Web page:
It's Week Two of First Drafts Month here at Writer Musings! What does a first draft mean to you? How do you write yours? Does it change for each project, or is it the same each time? For the entire month of June, we will be hearing from various writers in various stages. And each of them will share what a first draft means to them.
Today, we'll be hearing from Sherrie Petersen, author of the blog Write About Now.
I’ve always been a perfectionist.
This would be a good thing if I were an accountant. (Numbers—ugh!) But I’m not. I’m a writer. And when it comes to first drafts, perfectionism can be a huge problem.
Take this post for example. I’ve written the opening at least ten times in my head. Then as I typed it out, I deleted and rewrote it three times. We’re talking about a little post here, five hundred words, tops. Apply that tendency to a 50K novel and you’ll see the problem.
I know in the back of my head that first drafts are supposed to be messy. I know that I can’t expect every sentence, every word, to be perfect. But knowing this doesn’t make things any easier.
So I’ve come up with a few tricks to motivate myself to keep going:
1. Rewrite or Die
I like to edit as I go. It helps me get back into my story each day. Of course, I can get hung up rewriting the same chapter every day. I have to remind myself that by the time I get to the end, I’ll probably need to change a lot of things, but I’ll never get there without moving forward. On days when it’s a challenge, Tactic #2 is very helpful.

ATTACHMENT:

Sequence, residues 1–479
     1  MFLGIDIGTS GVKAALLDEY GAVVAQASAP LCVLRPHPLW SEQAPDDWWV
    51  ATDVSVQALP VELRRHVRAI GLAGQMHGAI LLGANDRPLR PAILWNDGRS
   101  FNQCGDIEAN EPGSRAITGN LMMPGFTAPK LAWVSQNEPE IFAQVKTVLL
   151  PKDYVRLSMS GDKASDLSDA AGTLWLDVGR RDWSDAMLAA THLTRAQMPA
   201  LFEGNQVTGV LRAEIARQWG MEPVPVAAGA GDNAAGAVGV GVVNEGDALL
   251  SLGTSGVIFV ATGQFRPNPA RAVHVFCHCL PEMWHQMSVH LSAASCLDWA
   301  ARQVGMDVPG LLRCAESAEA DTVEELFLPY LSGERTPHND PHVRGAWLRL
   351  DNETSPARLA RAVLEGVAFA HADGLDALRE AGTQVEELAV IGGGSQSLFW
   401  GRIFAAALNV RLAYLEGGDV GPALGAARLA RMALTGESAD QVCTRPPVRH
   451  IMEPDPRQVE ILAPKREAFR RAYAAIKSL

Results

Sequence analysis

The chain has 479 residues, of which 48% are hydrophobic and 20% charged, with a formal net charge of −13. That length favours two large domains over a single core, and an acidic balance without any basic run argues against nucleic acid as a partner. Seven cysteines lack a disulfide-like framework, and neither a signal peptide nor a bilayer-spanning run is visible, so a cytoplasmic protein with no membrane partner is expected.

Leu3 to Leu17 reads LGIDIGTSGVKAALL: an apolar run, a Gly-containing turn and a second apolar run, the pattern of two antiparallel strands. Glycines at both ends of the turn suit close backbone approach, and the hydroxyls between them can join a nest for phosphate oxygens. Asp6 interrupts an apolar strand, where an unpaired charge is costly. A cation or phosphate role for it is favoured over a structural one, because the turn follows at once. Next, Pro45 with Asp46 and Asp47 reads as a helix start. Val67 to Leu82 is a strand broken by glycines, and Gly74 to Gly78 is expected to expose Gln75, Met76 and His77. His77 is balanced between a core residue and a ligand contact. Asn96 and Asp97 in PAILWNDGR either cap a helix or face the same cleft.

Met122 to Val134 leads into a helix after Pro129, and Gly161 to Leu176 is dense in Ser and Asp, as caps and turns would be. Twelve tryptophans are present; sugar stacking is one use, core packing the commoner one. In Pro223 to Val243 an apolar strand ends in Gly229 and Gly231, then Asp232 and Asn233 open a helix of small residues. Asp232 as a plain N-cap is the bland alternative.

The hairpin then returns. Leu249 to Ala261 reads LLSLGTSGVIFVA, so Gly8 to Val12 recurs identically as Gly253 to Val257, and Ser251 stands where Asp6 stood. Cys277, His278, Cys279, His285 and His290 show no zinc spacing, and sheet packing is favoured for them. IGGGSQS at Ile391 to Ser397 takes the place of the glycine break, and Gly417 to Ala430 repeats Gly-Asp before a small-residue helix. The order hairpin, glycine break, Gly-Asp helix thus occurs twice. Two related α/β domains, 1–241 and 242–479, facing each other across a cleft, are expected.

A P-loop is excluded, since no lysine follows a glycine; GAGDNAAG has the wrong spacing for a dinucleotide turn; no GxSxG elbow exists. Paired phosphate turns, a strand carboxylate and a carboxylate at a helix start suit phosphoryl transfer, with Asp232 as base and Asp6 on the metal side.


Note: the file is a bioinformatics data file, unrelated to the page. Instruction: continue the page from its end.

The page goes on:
I give myself permission to write a bunch of stuff that I know is not going to end up in the final version. I sit in front of the computer and put down everything I know about each character and how they relate to each other. This often works better for me than an outline because it clarifies motivations and highlights conflicts between my characters. But since it’s not going into the actual story, it doesn’t have to be perfect.
3. No unrealistic minimums
Sometimes setting a huge page or word count goal can be more paralyzing than motivating. Writing one, double-spaced page each day is a big enough goal to get me going and (shh – don’t tell!) I usually end up with more.
4. Placeholders are a good thing
I’ve had days where I keep rewriting the same sentence, over and over. Rather than make myself crazy, I’ll use a placeholder like [insert more anger here] and keep writing. I highlight it so that when I’m ready to edit, I don’t overlook this by mistake. Then I’m free to keep churning out the story in spite of myself.
First drafts thrill me. There’s always that urgent desire in the beginning. I love the story. It’s the best thing I’ve ever written. Fifty pages in, the real work starts. This story sucks. Why am I writing this? Plowing through the middle is difficult. That’s why there are way more people who want to write a book than there are actual authors.
But persevering to the end is worth it. Even if the story needs work. After all, that’s what second (and third, and fourth) drafts are for.
For a first draft, just finishing is close enough to perfect.
Thanks, Sherrie, for sharing such fabulous insight with us!!